Marketplace Realities 2018: Fiduciary

November 6, 2017

    The one thing

    Uncertainty and fee cases remain the dominant concerns.
  • Stable capacity. The fiduciary market remains very competitive, with over $500M in advertised capacity. Some carriers are doubling down — expanding limits to capture more premium.
  • Primary concentration. While capacity is robust, a few carriers continue to lead the vast majority of programs — for private and public companies.
  • Blended coverage. Private companies often look to place fiduciary as part of a larger management liability package with directors and officers (D&O) and/or employment practices liability (EPL) insurance. For public companies (and large private companies), large blended programs are far less common. D&O tends to be kept separated from fiduciary, which might be blended with EPL and/or crime.
  • Loss drivers.

      Price prediction

      -5% to +5%

      Companies with large concentrations of their stock in benefit plans
      Flat to+12%

      Companies without/limited company stock in their plans
      -10% to -3% (on excess layers)

      Financial institutions
      -3% to flat (other than FI’s with proprietary fund exposures)

      ESOP-owned firms
      +5% to +10%

      Private and nonprofit entities
      -3% to +5%

    • Fees: Fee cases, originally focused on very large plans, are now broader and include record-keepers and fund managers. Excessive fee litigation continues to dominate the exposure, driving severity and, correspondingly, client views of appropriate program size. A wave of 403(b) fee cases has carriers looking more closely at universities and the health care industry.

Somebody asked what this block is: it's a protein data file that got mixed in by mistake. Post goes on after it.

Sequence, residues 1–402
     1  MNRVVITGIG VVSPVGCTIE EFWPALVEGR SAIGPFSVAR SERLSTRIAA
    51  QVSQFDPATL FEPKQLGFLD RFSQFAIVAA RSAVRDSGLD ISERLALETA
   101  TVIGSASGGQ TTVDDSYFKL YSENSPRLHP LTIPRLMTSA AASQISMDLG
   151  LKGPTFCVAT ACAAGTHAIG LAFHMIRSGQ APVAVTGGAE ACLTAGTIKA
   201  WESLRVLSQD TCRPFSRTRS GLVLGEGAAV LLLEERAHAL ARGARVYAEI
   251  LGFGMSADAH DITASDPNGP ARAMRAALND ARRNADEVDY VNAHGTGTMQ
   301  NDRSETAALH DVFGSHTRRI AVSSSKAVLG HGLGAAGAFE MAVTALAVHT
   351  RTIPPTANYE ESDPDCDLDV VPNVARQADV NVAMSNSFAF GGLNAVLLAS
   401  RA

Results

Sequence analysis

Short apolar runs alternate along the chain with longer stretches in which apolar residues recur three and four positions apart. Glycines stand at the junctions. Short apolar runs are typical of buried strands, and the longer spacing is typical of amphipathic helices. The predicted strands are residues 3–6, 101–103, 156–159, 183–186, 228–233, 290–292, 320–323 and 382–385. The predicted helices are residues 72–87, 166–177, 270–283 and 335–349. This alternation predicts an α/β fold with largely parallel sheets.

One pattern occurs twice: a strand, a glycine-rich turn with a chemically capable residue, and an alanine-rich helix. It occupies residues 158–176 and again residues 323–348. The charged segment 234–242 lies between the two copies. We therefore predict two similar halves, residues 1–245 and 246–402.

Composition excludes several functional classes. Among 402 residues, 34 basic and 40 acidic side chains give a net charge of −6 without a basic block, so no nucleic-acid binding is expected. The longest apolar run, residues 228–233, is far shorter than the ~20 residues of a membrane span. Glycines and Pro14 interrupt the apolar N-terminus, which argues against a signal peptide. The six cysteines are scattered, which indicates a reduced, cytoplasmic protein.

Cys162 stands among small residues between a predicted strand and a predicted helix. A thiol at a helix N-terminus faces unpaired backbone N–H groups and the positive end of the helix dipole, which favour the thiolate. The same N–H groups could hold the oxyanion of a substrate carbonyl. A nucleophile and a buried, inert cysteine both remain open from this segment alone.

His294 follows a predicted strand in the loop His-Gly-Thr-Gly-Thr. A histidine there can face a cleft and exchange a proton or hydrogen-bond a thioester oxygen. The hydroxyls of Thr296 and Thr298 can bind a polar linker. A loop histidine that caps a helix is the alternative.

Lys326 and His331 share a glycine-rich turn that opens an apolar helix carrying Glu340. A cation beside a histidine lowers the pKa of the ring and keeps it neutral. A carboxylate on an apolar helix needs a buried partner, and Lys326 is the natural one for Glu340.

• Regulation and enforcement uncertainty: Many are wondering: who will drive fiduciary regulation? While the impact of rule changes and enforcement falls largely upon FI professionals, until the dust settles, the heightened risk will be challenging to mitigate.
    • Stock drops: Over 180 stock-drop suits have been filed since 2004 and over 160 reported settled since 1997. Insurers remain concerned over employer stock levels within plans, especially relative to other asset classes.
    • Asset managers: Asset managers with proprietary mutual funds in their own 401k plans continue have materially higher exposure and continue to be a concern for insurers, with some declining such risks or seeking premium/retention increases.
    • Governance: Developments in plan governance have heightened fiduciary exposure to potential sanctions, correction expenses and litigation.
      • Gone! The compliance road map and IRS validation has been replaced with “self- service” compliance.
      • The IRS will only issue letters evidencing tax-qualified plan status for new plans,
        terminating plans and in “limited circumstances.”
      • Today’s employers must navigate regulatory change and ambiguity without IRS validation in an environment of greater regulatory and enforcement uncertainty and higher risk.
    • Law: Supreme Court rulings have heightened risk:
      • ESOP plan fiduciaries no longer get a presumption of prudence when investing in
        employer securities.
      • Plan fiduciaries have a continuing duty to monitor trust investments and remove
        imprudent ones.
  • Rate. Premiums and retentions are generally flat. Faced with excessive fee claims, incumbent carriers want increases, but market factors are pushing back as new capacity can be opportunistic in these situations — potentially seeing post-claim plans as better risks. Excess rates remain very competitive. Material changes in plan assets, specifically employer stock, may result in potential increases in premium and securities retention (for public companies). Church plans, universities and public plans may also see rate pressure.